As for the technical ability, there are a number of things you should be comfortable with doing and capable of (i.e. proper tools and work space), such as torquing fasteners in awkward spaces and measuring clearances accurately with feeler gauges and other tools to very fine tolerances. What caught me off-guard when I first did it was the very fine tolerances involved in measuring the shims. For years, I had been used to threaded valve adjustments on BMW airheads, and wasn't adequately prepared for the very slight difference in shim sizes. Fortunately, the purchase of a relatively inexpensive micrometer got me to where I needed to be. There are other aspects to the job such as working in tight spaces, with fiddly little bits that you absolutely must not drop in the wrong places (make sure you take precautions!), and very focussed attention to detail when disassembling and reassembling parts that can interfere with gaskets, tubing and wiring, etc.

    Other than that, it's a piece of cake... :D

    Seriously, I don't mean to dissuade anyone who is contemplating doing their own work, but only the individual can determine if it's what they want to do. If you're so inclined, perhaps the first step is get a repair manual, go through the necessary pages/steps and then decide for yourself. This forum is a good place to ask questions and get assistance, but it can't do the work for you. Either way, best of luck!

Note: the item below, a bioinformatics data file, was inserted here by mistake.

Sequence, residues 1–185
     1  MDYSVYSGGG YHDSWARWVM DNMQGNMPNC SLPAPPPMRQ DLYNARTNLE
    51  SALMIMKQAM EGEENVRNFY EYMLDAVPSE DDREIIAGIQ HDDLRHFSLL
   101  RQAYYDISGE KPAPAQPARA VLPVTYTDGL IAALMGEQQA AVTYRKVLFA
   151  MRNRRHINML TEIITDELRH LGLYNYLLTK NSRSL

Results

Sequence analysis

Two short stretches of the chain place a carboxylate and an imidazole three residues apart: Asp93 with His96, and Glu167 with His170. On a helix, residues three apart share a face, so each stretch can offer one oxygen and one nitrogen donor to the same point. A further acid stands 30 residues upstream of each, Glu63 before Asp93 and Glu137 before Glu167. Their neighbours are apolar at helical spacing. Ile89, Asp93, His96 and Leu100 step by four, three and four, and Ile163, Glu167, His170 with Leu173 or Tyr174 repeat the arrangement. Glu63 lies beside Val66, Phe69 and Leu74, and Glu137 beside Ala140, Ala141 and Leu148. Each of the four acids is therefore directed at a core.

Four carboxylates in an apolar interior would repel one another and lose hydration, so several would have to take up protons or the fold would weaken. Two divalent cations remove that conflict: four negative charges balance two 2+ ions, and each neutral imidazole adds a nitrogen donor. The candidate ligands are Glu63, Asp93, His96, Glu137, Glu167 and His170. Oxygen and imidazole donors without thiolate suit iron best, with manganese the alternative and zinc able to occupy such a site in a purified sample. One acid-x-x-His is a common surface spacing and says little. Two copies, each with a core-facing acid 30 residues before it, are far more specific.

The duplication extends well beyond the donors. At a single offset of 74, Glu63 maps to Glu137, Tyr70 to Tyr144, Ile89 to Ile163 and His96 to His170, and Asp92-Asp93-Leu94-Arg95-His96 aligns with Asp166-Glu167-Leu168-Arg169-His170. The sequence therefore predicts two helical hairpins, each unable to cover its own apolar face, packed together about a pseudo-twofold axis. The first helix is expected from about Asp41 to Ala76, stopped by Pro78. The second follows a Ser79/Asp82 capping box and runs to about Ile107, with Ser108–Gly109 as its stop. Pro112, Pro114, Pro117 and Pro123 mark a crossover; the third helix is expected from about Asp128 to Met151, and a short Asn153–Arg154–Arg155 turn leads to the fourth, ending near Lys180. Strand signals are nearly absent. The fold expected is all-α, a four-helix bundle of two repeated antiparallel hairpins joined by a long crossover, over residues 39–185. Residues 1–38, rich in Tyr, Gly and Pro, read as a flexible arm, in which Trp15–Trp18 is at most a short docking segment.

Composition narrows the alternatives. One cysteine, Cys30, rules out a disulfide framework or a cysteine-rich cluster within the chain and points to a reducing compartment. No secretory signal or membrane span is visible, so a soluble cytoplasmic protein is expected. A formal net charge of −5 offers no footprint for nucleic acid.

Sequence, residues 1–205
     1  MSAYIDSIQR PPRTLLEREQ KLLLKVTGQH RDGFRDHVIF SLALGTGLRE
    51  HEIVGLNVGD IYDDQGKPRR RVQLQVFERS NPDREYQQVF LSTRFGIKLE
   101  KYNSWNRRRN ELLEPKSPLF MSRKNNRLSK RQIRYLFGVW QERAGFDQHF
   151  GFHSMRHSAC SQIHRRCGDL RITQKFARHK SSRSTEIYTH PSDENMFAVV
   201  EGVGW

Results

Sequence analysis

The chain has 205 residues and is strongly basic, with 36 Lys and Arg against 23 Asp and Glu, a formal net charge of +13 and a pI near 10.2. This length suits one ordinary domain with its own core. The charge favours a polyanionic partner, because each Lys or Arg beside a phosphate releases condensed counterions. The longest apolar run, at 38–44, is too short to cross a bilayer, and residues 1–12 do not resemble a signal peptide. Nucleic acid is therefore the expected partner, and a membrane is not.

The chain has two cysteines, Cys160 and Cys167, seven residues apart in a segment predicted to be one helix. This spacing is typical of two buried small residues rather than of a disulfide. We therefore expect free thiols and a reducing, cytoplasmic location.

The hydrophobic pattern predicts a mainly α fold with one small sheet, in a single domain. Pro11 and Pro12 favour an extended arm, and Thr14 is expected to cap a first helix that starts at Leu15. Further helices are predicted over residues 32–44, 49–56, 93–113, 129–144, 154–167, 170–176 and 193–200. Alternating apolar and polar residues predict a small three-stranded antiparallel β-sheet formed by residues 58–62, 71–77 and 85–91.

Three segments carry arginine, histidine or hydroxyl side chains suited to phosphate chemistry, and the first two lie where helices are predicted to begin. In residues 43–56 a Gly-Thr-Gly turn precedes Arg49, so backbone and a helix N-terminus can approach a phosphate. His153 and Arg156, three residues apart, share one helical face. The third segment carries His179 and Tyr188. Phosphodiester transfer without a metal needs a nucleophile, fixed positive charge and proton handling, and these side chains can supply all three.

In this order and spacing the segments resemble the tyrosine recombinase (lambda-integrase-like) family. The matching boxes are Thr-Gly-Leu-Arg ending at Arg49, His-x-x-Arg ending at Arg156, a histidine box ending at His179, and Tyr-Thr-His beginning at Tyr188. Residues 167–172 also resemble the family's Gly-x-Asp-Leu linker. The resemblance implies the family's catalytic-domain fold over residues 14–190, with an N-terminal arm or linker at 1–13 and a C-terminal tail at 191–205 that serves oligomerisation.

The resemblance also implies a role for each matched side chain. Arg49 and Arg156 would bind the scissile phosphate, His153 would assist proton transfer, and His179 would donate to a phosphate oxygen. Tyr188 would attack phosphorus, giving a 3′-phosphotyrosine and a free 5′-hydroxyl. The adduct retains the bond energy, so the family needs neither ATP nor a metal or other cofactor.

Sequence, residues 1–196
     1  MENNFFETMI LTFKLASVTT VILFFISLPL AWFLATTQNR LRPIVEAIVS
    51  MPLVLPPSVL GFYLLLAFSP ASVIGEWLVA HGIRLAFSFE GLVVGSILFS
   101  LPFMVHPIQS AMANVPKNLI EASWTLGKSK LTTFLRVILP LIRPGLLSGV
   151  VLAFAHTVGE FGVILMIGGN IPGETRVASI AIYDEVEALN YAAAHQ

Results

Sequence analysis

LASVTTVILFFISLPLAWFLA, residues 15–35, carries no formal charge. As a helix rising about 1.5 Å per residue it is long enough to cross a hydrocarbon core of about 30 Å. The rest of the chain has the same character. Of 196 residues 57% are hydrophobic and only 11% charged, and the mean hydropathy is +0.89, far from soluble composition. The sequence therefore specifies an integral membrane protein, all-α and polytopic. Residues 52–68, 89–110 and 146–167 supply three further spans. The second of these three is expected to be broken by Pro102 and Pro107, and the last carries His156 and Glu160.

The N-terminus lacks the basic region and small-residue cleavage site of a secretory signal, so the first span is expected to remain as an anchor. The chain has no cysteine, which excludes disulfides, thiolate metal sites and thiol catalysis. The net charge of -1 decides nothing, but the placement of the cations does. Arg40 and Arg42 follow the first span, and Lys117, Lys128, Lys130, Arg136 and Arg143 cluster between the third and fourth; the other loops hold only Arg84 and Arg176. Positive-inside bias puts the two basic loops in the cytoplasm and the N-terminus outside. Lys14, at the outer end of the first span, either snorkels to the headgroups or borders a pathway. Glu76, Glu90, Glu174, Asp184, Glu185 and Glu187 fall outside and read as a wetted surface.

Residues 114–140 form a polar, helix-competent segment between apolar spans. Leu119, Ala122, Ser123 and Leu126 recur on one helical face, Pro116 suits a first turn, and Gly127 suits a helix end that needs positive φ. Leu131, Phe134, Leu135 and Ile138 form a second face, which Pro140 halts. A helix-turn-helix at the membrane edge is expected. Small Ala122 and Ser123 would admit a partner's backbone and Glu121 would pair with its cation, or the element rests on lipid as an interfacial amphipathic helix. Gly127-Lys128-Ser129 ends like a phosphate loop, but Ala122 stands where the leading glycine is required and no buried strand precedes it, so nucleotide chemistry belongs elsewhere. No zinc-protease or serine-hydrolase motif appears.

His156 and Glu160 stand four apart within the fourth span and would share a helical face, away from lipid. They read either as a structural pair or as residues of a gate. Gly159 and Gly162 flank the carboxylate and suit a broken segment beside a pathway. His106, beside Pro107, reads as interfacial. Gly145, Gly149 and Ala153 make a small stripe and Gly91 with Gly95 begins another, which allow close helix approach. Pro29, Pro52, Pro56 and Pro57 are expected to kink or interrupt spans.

JP :beer
  12. Ken in Regina

    Ken in Regina Long timer Supporter

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    EDIT: Oops, I see Bullwinkle has already popped in with his two cents.

    I hope some of the folks like @SoManyFish and @Bullwinkle who have done it will chime in with their thoughts about what you'd be faced with if this is your first time. They've both posted detailed descriptions in the past few months about what they ran into. They should be able to provide a perspective of what risks you might have, depending on your experience and abilities with other similar sorts of tasks.

    To answer your question, my reason for letting the dealer do it these days is a bit of all of those things. I've never enjoyed that kind of wrenching the same as those two, and others, do. I've done valve adjustments in the past. But that was a bit for the challenge of proving I could do it, a bit because I want to understand a reasonable amount about the vehicles I operate, and mostly because I couldn't afford to have someone else do it.

    Once I got to the point where I could afford to pay to have more of those kinds of things done, I ran into the personal issue that if I was capable of doing them, why would I pay someone else to do them. So for a number of years I continued to do stuff that I either didn't care much about or outright hated, just so I didn't have to pay to get it done. It saved me a lot of money but sometimes cost me a lot of grief.